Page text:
Miller’s content, back for more |

Miller’s content, back for more

BOP Miller DT 11-30-10

BEAVER CREEK, Colorado – U.S. Ski Team star Bode Miller feels like ski racing is the right thing for him to be doing right now.

Miller, 33, said Wednesday that coming back to ski racing this year after winning three medals at the 2010 Winter Olympics was a fairly obvious decision.

“It’s the same thing as always. I felt like training, I felt like getting in shape, so that’s what I did,” Miller said. “If I decided to stop, I could decide to stop today or tomorrow or next week or last week. I’m going with it as long as I’m into it and if I feel like I’m balancing it out right – and if not, then I’m done.”

Miller finished eighth in Tuesday’s downhill training run at Beaver Creek’s Birds of Prey course with a time of 1 minute, 48.91 seconds, and finished 11th in Wednesday’s training run with a time of 1:48.97.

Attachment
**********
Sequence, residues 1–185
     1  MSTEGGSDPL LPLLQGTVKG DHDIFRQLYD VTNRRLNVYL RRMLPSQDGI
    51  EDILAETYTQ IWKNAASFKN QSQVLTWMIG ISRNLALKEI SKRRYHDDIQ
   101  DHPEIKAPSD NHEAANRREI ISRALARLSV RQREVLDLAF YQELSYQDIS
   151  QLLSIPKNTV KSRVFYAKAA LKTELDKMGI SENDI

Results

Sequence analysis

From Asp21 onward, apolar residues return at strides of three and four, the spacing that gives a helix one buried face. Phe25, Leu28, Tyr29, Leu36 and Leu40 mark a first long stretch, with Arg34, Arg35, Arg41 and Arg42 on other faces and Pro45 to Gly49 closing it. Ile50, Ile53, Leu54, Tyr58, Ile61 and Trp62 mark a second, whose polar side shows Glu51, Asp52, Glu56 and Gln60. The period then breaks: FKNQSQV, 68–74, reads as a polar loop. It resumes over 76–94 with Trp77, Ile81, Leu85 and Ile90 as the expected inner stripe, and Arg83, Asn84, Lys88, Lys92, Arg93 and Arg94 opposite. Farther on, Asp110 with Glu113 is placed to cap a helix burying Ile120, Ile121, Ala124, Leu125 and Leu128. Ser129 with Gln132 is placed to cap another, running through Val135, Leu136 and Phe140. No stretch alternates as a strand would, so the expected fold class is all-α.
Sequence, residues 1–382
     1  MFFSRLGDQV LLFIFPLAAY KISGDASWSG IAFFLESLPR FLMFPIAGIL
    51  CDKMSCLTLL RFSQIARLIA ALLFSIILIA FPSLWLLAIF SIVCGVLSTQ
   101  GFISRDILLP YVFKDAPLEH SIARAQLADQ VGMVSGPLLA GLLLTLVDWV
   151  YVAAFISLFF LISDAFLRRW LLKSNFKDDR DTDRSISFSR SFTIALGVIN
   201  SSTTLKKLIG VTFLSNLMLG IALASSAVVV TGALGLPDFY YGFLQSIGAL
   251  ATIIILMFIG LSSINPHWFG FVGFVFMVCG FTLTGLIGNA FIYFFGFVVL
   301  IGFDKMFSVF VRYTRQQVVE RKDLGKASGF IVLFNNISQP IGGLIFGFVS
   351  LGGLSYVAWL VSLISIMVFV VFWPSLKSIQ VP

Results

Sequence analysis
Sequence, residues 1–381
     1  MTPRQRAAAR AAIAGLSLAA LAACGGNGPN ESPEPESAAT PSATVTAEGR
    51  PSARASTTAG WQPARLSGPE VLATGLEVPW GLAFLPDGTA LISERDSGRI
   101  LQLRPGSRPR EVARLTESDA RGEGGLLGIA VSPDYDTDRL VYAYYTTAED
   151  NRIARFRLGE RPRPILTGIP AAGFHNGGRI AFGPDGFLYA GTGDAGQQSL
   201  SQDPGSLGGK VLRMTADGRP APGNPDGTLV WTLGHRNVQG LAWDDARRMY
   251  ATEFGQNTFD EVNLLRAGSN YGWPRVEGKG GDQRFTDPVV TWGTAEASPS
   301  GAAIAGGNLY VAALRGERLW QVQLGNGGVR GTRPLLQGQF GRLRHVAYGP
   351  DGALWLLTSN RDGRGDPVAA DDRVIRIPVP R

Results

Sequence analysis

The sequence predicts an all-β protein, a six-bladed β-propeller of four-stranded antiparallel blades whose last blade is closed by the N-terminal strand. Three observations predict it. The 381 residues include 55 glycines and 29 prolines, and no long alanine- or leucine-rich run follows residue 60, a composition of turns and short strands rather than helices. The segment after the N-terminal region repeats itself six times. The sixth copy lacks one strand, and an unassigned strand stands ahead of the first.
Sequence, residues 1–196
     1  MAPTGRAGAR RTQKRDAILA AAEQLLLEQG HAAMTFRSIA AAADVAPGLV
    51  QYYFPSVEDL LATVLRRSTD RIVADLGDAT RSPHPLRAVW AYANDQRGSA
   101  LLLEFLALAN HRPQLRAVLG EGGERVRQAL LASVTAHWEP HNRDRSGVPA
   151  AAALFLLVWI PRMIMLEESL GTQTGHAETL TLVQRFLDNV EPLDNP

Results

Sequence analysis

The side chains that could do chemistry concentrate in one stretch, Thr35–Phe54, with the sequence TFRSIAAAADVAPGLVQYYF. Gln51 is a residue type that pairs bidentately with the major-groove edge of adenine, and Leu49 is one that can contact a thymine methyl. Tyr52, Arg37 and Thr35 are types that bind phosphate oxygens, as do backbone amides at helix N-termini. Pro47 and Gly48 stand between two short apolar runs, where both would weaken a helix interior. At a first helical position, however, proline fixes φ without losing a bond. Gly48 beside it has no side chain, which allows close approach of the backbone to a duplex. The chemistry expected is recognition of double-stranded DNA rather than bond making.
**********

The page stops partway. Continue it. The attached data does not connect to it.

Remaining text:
He said the course is nice and smooth, and that the course is much “turnier” than even super Gs used to be.

“They just keep making these downhills more and more turny,” Miller said. “There’s not one part of the course where you’re not going hard left or right. There’s no real downhill part to it anymore.”

Miller said the course is called a downhill by those who make the rules, so he’ll go with it even though he said in his mind it’s not.

“I think downhill should be where the athlete decides how fast they go,” Miller said. “At one point or another they have to break. Right now the course dictates your speed the whole way. Everyone’s going 100 percent the whole time, whether they make a clean turn or their skies are fast, it’s how fast they go. I think that takes a bit of the true, you know, real backbone of what ski racing is about out of it.”

While many ski racers had problems with water freezing on their goggles during Wednesday’s training runs, Miller said visibility on the course was surprisingly good.

A win in Friday’s downhill would be Miller’s first on the course since 2006.

He also won the downhill in 2004, and finished second in 2005. In the latter year, he won giant slalom with two memorable runs in near-whiteout conditions.

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